When people hear the name Kim Barnes Arico, many think of the new and passionate Michigan women’s basketball coach — the same coach that led St. John’s to heights that have never before been seen.
But in order to understand a person’s present, you have to know their past. And once you realize Barnes Arico’s journey, it’s not a surprise as to why she’s had the success that she’s garnered — and it’s seemingly inevitable that Barnes Arico will do the same at Michigan.
In Robert Frost’s poem, “The Road Not Taken” he stated, “Two roads diverged in a wood and I – I took the one less traveled by, and that has made all the difference.” If there were ever words that truly could define Barnes Arico, Frost’s would be most fitting for the new leader of Michigan women’s basketball.
Division I head coaches usually get their start as an assistant before moving up the ladder; not so for Barnes Arico.
Her first introduction to coaching was in 1996 as head coach at then Division III Fairleigh Dickinson. After spending one year there, she moved onto New Jersey Institute of Technology and guided the Knights through their transition from Division III to Division II. After successfully finishing that task, she took the head coaching position at Division II Adelphi University.
At Adelphi, Barnes Arico had a tremendous amount of success. In 1999-00, she led the school to their most wins in school history with an 18-10 record — and their first-ever postseason berth. In 2000-01, they were 19-11 and in her last season with the school, Adelphi finished the season 28-3 and had its best season in school history: most wins, first national ranking (#12), and first-ever New York Collegiate Athletic Conference Championship.
“I didn’t have the traditional path of a lot of other coaches, I didn’t have the connections of a lot of other coaches,” said Barnes Arico. “So for me a foot in the door, it didn’t matter what the program was, I just wanted an opportunity to get a foot in the door and then see what I could do.”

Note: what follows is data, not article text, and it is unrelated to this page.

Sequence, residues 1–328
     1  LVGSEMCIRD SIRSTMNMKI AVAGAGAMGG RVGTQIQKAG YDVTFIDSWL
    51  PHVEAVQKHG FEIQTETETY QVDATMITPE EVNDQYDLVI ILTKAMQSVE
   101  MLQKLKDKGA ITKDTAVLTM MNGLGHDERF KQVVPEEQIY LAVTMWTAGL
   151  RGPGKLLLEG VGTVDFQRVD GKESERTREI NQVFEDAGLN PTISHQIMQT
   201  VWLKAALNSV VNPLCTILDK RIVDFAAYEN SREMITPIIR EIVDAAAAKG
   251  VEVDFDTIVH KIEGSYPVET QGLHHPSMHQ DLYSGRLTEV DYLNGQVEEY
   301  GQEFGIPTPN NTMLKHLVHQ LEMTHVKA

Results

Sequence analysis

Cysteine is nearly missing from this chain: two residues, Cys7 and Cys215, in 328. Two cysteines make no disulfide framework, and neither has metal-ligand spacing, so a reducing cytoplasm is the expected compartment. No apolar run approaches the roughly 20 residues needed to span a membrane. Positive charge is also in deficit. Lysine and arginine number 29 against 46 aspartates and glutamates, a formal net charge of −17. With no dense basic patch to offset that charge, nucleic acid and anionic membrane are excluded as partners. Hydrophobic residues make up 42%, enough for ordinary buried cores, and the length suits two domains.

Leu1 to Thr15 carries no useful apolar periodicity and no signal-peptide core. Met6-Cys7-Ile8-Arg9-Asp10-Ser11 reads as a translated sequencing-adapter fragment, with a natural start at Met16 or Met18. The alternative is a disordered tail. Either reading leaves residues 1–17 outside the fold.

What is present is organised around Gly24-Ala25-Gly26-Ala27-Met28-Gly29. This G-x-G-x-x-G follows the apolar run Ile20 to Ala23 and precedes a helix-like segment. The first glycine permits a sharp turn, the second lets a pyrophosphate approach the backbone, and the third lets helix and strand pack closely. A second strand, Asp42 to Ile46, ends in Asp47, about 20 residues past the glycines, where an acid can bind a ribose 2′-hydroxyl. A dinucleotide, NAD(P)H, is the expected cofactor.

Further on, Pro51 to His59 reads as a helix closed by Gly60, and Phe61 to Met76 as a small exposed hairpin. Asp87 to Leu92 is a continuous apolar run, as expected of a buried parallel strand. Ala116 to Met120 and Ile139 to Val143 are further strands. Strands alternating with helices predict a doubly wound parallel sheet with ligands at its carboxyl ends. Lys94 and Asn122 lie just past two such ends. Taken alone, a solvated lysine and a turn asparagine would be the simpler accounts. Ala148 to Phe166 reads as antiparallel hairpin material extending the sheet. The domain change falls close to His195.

After her accomplishments at Adelphi, there was one program that was open to giving her that proverbial chance: St. John’s. Even though St. John’s was in the Big East, at the time it wasn’t the most attractive job. As a matter of fact, Barnes Arico’s fellow coaching colleagues had a couple hints of advice for her when it came to taking over the Red Storm — the first was an emphatic “No” then the second one was “Why?”
“When I first got hired at St. John’s, there had been a number of people that had turned down that job,” said Barnes Arico. “And there were a number of coaches that said to me, ‘Golly, what are you doing, why would you do that?’ Some of the best coaches said that to me.”
But not only did the words of others not deter her – they actually seemed to fuel the native New Yorker. Because Barnes Arico knew that all she needed was just an opportunity, it didn’t matter where, all she desired was a break — the break that St. John’s gave her.
“I just wanted an opportunity to get a foot in the door and then see what I could do,” said Barnes Arico. “St. John’s gave me that opportunity, so I’ll forever be grateful for the opportunity that I had there and a chance to build something there.”
And there was a lot to build; this would truly be a reclamation project of the highest order. In the two-plus years prior to Barnes Arico’s arrival, the Red Storm were a dismal 22-50 and 9-29 in the Big East. Also during that time period, St. John’s had their worst defeat in school history, 118-44 to Connecticut.
It was obvious that a huge change would need to happen to take the Red Storm from a laughing matter to a serious contender.
“I think that one of the most important things for me through that process,” said Barnes Arico. “(I had) to get players to really believe in our vision and players to really want to come in and believe that they can make a difference and leave their footprints on the program.”